However, Nunes’s other points, if true, are deeply troubling. The intelligence community has a responsibility to “minimize” the identifying information of U.S. citizens whose communications are incidentally collected. Likewise, “unmasking” is only sometimes appropriate, and the power to do so is generally restricted to a small number of officials. Nunes seems to be suggesting that Obama-administration officials flouted those protocols. His fourth point — that none of this surveillance was related to Russia — raises the question of how the intelligence in question was collected, and whether the results were classified. Leaking classified information is, of course, a crime.
This information would likely be getting a fairer hearing had Nunes not chosen to disclose it to the White House before he informed the other members of the House Intelligence Committee — a lapse in judgment he has since acknowledged. Of course, the committee’s ranking member, California Democrat Adam Schiff, has shown interest primarily in making political hay of the whole inquiry; over the weekend, he declared that Russia “hacked the election” — a claim for which there is precisely no evidence.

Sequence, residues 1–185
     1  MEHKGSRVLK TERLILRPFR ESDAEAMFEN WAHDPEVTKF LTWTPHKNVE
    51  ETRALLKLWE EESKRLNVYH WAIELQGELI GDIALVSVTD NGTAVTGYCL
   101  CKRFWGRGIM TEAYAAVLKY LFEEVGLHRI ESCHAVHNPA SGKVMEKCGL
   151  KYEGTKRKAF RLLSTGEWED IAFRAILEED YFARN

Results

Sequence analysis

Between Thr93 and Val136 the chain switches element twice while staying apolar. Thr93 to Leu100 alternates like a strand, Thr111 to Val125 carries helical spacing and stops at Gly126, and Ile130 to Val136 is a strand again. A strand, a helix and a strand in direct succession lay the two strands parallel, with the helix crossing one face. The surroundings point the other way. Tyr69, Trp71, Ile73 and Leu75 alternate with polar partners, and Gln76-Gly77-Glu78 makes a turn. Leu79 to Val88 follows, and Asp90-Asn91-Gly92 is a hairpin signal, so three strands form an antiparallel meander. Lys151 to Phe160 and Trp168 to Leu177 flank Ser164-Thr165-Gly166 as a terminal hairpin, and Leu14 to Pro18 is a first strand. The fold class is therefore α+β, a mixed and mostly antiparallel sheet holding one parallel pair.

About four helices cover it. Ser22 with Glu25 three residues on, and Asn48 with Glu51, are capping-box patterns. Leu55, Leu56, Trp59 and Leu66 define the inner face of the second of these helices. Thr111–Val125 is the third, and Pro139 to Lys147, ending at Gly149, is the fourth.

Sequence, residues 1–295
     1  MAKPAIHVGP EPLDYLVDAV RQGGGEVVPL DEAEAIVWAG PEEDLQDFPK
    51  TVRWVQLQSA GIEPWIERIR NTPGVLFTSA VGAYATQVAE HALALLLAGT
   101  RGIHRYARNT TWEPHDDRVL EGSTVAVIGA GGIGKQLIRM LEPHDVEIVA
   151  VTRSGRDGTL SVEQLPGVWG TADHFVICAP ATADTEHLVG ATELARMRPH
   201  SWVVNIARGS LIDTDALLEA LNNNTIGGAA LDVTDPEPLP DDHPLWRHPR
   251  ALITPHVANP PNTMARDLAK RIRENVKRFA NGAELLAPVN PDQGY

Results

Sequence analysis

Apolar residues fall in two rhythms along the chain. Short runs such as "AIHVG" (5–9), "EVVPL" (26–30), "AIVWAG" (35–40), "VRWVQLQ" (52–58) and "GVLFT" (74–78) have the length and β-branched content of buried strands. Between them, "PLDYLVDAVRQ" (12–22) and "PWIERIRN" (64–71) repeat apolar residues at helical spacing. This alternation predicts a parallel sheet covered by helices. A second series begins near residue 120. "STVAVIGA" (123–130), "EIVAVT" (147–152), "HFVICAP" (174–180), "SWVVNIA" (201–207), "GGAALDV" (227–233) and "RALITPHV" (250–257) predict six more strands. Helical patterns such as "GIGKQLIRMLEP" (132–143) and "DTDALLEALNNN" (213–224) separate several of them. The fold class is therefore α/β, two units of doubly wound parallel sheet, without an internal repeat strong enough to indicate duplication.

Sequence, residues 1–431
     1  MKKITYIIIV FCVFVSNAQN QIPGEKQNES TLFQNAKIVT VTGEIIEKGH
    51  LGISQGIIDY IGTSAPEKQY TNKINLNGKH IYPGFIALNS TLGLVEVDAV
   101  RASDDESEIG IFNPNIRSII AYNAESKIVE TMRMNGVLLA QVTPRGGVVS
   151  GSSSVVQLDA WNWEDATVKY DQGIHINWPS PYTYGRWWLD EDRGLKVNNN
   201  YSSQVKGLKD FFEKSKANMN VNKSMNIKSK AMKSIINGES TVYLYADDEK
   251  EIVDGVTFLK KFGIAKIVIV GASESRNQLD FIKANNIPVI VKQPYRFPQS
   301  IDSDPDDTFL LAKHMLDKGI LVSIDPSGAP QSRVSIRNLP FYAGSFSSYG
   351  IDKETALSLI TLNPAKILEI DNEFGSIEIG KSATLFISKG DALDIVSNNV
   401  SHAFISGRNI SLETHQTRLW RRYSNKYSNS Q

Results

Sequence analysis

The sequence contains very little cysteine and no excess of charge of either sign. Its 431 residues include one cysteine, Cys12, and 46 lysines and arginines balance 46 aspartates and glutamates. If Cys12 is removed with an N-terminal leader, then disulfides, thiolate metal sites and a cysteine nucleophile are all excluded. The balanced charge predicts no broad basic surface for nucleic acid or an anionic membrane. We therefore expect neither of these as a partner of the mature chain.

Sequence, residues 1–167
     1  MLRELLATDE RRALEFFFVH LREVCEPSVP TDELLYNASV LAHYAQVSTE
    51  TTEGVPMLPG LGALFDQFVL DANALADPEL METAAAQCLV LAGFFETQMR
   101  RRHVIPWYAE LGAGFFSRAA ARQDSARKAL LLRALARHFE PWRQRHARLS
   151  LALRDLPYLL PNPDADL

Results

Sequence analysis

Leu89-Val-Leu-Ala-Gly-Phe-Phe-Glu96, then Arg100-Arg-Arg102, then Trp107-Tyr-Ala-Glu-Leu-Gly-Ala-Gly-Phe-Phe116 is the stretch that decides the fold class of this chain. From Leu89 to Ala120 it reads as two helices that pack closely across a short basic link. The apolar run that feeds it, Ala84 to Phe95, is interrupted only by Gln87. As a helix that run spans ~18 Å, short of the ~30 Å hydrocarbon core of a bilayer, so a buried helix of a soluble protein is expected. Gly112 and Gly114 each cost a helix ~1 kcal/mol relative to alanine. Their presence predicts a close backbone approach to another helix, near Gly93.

We have repeatedly encouraged the Senate and House intelligence committees to conduct a thorough and, to the extent possible, transparent investigation of the various allegations tying the Trump campaign to Russia, and into the leaks that have fueled those allegations. At this point, it seems that the Senate’s committee may be better suited to conducting this probe than the House’s. If it is not up to the task, Congress ought to form a Select Committee.